Most Accessible Professors (The Princeton Review)

Anthropology (from the Greek anthropos, for human, and loggia, for science) is the study of human behavior, from the dawn of time to present day.

Today's anthropologists do not work only in exotic locations; they can be found in corporations, government, educational institutions and non-profit associations at home and abroad. Anthropologists were there at Ground Zero and in the aftermath of Hurricane Katrina, gathering crucial data.

Anthropology attracts people who want to understand why things happen and are eager to tackle big human problems, such as poverty, hunger, overpopulation and warfare. As such, the study of anthropology is more relevant than ever. 

Careers after Union

Anthropology career paths

Graphic: career paths of Union Anthropology majors

Anthropology majors often take positions in business and government, lending their talents to such fields as advertising, market research, public relations, banking, merchandising, medicine, journalism and management consulting. They are also ideally suited to such governmental positions as foreign service officers, urban planners and counselors. And because this is a discipline that focuses on cross-cultural understanding, you will find anthropologists working for agencies of the United Nations (such as UNESCO), the World Health Organization, the World Bank, the Peace Corps and the Agency for International Development.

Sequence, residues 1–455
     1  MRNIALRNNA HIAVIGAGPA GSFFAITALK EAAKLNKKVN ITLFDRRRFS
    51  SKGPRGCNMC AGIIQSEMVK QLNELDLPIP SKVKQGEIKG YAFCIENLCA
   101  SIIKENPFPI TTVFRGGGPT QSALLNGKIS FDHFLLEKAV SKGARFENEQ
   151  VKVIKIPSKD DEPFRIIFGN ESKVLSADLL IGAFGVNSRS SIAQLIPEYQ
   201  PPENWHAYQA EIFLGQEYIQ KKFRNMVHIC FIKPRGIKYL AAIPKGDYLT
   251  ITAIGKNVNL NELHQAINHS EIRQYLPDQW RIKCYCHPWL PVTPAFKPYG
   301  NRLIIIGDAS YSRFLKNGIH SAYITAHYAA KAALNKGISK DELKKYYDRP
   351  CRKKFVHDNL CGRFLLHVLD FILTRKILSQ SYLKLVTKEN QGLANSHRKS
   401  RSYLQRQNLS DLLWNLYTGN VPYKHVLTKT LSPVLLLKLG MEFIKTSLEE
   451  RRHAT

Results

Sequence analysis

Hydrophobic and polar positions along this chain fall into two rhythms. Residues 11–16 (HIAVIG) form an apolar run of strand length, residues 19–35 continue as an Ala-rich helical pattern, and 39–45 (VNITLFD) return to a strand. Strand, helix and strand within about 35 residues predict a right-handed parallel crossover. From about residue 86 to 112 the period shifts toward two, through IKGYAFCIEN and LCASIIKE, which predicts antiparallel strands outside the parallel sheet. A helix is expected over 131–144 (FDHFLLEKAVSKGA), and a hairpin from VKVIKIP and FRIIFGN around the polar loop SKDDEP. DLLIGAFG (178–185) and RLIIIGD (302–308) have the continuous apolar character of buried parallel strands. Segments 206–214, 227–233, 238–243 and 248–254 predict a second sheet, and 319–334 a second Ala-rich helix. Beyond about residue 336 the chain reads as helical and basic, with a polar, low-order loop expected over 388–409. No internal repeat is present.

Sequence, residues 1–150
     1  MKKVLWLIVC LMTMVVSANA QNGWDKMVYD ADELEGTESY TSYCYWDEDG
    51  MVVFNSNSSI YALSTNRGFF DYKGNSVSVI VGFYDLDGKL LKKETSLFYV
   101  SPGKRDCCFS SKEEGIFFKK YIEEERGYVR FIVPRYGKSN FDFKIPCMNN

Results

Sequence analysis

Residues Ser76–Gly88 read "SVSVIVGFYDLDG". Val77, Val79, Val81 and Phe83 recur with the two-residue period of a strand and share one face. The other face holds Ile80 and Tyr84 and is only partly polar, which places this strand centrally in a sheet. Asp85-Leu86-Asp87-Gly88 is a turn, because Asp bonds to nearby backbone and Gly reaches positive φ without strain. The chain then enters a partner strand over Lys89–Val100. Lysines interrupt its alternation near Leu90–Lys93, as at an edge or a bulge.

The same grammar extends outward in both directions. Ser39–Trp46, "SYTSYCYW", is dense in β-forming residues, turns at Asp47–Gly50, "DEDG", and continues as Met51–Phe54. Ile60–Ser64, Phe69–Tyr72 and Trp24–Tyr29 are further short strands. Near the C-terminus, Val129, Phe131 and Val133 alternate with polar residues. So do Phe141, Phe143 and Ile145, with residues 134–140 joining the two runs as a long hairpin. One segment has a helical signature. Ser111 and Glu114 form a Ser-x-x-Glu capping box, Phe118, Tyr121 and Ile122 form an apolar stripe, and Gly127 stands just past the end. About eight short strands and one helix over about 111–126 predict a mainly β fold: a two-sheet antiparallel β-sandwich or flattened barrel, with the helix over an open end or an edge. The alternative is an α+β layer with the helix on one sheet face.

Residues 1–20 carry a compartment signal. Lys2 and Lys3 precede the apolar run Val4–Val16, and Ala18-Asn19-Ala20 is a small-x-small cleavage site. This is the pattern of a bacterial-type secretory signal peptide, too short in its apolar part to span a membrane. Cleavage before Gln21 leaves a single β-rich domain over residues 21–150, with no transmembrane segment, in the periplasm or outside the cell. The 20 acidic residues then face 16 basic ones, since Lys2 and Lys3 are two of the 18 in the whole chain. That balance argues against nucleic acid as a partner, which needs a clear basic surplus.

Here is what some alumni have been up to:

  • Researcher, Mexican Institute for Competitiveness
  • Teacher, Kearsage Regional School District
  • Deputy director of training and development, Central Coast Children’s Fund
  • Social media strategist, Nu Val
  • Web content coordinator, law firm of Ropes & Gray LLP
  • Artist, Waltham Mills Artists Association
  • Public relations associate, RF Binder